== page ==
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As war and covid rage around us, artists find a way to bring insight and beauty into our lives. Here are some of the best I have found this month.

The team of Skuja-Braden brings an acerbic twist to the field of ceramics. The two artists, one from Latvia and the other from California, are showing their distinctive pieces at the 59th Venice Biennale in the Latvian Pavilion with an exhibition titled "Selling Water By the River". The two explain their outlook in these words: "to reimagine the delusional separation between private and public and the possibility of coexisting in a society whilst not losing one’s individuality." Here you see a close-up of their disturbing glazed pieces.

Art News suggests their top 10 presentations at this year's Venice biennale. What seems evident, at least through this small sampling, is the sense of dislocation, disturbance, and distress felt by artists worldwide in the face of war and a pandemic. Wouldn't it be lovely if such splendid displays could be based rather on harmony among individuals and nations? A learned friend of mine claims that warfare is built into our DNA. Do you think that's true?

Everlyn Nicodemus tells us "I had no brakes on my mouth" as she describes a lifetime of outspoken boldness. Raised in Tanzania with conservative parents, she once threatened to leave the Lutheran church and join the Catholics, just to see if she could get better answers to her questions. Asked to cook breakfast fer her brothers she replied, "Well, I did it yesterday. Tomorrow they’re going to cook breakfast for me". As you can imagine her paintings are equally outspoken and throbbing with energy.

"Flowers in a Glass Vase with a Tulip" was painted in 1716 by Rachel Ruysch. Ruysch was born in the Hague and was the first female member of the artist's society Confrerie Pictura. These two splendid flower paintings offer exquisite detail and a superb sense of color and dark mystery.

Called United Nations of Dance, this video will introduce you to the cultural traditions of Mozambique, particularly as expressed in dance. You will get an introduction to the costumes, the rhythms, the training and the music that contribute to the strong identity of this region.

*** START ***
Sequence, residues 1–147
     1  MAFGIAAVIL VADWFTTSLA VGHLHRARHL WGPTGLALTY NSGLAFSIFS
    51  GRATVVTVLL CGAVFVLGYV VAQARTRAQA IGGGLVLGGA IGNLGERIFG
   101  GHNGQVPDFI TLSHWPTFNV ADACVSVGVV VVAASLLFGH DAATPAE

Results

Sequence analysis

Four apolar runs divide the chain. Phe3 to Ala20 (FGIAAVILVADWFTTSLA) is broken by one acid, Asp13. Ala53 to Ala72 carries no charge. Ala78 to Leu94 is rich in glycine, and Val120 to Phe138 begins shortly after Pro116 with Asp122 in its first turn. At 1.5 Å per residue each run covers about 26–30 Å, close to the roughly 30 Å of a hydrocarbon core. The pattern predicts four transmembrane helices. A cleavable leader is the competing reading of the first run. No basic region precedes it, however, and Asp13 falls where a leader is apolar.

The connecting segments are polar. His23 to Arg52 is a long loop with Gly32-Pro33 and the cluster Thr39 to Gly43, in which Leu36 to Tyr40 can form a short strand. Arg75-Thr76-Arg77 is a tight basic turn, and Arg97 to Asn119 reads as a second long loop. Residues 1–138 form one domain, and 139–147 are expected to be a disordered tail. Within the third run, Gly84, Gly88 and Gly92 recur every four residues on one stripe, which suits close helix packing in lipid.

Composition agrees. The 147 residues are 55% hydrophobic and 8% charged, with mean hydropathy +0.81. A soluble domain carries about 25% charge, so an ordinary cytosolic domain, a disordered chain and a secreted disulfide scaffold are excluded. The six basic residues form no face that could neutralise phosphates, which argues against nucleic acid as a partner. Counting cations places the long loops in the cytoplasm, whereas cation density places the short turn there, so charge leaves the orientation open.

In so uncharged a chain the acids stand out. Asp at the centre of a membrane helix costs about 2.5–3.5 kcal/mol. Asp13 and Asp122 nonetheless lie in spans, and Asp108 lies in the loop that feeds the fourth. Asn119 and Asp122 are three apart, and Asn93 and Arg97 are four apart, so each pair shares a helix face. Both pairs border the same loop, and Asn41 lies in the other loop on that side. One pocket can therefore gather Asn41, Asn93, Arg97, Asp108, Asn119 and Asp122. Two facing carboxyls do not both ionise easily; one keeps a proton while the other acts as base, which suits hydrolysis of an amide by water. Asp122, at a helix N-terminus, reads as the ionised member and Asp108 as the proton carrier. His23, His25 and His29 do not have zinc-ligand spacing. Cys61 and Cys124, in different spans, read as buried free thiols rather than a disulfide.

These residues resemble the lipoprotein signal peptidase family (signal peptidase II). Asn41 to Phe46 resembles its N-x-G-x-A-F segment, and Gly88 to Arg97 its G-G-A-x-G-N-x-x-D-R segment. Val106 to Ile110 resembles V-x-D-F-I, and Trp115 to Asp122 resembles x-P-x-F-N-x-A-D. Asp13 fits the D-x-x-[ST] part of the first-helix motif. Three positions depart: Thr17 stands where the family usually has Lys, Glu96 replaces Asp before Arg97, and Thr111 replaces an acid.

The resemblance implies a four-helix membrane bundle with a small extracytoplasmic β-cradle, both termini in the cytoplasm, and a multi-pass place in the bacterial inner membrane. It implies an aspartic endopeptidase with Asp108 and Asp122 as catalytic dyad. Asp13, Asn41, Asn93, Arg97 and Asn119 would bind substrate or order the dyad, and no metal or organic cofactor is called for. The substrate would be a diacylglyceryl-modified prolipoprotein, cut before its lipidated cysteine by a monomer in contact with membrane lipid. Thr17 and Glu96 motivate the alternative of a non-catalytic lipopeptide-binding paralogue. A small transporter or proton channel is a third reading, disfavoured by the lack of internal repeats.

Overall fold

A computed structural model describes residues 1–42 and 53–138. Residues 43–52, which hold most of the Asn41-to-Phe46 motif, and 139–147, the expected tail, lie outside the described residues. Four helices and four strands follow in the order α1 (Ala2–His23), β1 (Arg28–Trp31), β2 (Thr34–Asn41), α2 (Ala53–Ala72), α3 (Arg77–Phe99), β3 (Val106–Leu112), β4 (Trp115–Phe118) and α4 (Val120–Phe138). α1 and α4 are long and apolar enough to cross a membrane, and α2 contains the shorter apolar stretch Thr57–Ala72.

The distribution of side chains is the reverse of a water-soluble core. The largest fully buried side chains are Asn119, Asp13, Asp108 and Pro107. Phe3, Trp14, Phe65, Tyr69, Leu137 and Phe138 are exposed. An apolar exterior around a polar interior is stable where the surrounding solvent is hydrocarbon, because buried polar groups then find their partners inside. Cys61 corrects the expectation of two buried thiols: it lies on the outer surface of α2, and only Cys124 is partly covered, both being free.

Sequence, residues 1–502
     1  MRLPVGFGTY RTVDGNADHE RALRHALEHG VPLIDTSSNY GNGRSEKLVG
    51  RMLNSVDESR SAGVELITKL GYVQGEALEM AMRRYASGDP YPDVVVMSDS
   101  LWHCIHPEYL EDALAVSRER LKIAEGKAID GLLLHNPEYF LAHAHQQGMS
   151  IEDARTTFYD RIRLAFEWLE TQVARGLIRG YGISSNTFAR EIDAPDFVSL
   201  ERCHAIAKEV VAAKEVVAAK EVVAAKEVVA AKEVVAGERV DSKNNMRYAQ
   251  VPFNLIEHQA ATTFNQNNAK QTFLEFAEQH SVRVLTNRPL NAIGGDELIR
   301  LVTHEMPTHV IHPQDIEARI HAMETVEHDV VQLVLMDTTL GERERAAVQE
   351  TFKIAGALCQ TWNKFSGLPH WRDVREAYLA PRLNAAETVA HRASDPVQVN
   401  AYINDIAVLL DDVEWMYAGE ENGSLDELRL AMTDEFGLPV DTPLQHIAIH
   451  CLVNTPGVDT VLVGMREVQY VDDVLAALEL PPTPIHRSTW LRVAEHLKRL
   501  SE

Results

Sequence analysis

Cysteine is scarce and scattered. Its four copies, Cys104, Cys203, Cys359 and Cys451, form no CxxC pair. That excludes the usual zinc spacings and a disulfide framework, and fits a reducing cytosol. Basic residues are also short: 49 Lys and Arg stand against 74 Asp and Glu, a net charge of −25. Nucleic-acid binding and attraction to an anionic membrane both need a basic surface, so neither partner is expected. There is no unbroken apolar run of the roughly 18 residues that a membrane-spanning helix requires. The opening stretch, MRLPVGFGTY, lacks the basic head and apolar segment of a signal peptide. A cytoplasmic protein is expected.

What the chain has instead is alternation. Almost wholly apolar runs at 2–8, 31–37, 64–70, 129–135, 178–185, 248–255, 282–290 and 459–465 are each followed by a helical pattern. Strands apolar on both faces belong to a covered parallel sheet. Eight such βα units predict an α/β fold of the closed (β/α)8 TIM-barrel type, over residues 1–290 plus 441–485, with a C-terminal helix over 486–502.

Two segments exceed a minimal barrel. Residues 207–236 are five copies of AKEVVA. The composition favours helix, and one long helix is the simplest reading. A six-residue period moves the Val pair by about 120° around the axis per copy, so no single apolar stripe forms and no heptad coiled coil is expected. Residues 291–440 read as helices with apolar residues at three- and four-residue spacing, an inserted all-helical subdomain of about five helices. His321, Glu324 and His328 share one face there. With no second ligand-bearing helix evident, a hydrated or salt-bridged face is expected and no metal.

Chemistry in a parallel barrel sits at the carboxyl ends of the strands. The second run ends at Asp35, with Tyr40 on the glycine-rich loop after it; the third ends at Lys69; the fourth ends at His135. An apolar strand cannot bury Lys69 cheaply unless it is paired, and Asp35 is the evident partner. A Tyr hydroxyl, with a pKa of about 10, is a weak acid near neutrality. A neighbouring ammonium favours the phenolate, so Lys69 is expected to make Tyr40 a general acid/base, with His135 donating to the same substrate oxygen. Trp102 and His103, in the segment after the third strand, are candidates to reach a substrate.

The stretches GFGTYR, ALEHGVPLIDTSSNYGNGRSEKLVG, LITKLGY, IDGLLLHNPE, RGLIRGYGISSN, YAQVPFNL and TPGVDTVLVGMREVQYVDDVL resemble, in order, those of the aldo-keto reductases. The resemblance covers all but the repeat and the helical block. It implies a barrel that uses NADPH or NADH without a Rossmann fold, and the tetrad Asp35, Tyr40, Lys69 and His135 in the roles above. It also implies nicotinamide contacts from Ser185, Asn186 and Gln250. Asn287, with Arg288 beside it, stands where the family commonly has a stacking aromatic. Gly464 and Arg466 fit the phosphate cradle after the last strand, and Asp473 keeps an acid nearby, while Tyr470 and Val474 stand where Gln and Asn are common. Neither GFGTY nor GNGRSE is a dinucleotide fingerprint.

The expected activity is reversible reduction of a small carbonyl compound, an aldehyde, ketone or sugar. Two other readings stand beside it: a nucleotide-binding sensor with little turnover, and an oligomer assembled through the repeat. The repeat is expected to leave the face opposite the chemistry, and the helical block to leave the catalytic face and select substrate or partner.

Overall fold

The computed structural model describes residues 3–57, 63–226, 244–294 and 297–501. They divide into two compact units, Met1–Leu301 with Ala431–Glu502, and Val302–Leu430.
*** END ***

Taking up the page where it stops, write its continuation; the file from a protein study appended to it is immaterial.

Vogue magazine is establishing an impressive web presence. Here they show scenes frm Taipei Fashion Week Fall 2022, emphasizing street style with a flair.

When you are in the mood for exuberance mixed with drawing and dabs of paint imposed on what appear to be scenes from nature, the works of Jade Fadojutimi might be your cup of tea. You will find more work by this young and talented artist at his own site.

Since bold seems to be the prevailing mood these days (did Yankees' fans really throw garbage onto the playing field?), Julie Curtiss fits right in. Her gouaches shown here fairly accost your gaze but in a masterful way. Her paintings, no les confrontational, make clear her feelings about gender and identity.

I suspect that many of us share the fantasy of finding a masterpiece at a garage sale or flea market. Occasionally it does happen, although not in a dumpster. But a mechanic in Connecticut discovered literally hundreds of paintings in a dumpster at an abandoned farmhouse. He considered using them for Halloween decor. When the owner of the barn heard about the find he was both astonished and saddened, to think of someone's works trashed like that. and therein lies a tale. They were the works of Francis Hines, who died in 2016, and are apparently worth millions. You can read more about Hines at the Etra Fine Art site.

An unusual Performing Arts Center is being designed by British designer Thomas Heatherwick for Hainan, China. The Center is scheduled to be part of a larger plan to erect a new cultural area in the district. Included in this new Center will be an opera house, a theater, and a concert hall. The inspiration for the design came from the volcanic landscape of the area. and will incorporate multi-colored rectangular tiles on the exterior.

It is not often that we find exceptional artistry in makeup but indeed it does exist, as you will see here. The artist, Mimi Choi, is based in Vancouver and gives master classes in her technique around the world. Choi created the much-discussed makeup of actor/model Ezra Miller at the Met Gala. Be prepared to see some amazing artistry here.

Mass MoCA treats us to an elaborate exhibition of ceramics in a show called "Ceramics in the Expanded Field". Included are 8 clay artists, who draw on history, identity, and tradition, while challenging utility as a necessary definition of ceramics.

When speaking of expanded understandings, it is interesting to look at "Desire Lines" by Igshaan Adams at the Art Institute of Chicago. Traditional thoughts about weaving tend to disappear in the face of these lavishly created textile installations, which the Institute describes as "a woven map of the lived experience and physical terrain of his South African hometown". The massive pieces are indeed impressive, accompanied by shells, beads, rope, wire, and glass.

Those of you interested in architecture will want to see the proposed new building that Amazon is planning in Arlington, Virginia. Plants and greenery entwine around the outside, giving the feeling of a mountain trail. Amazon plans to make that mountain climb open to the public on weekends.

c. Corinne Whitaker 2022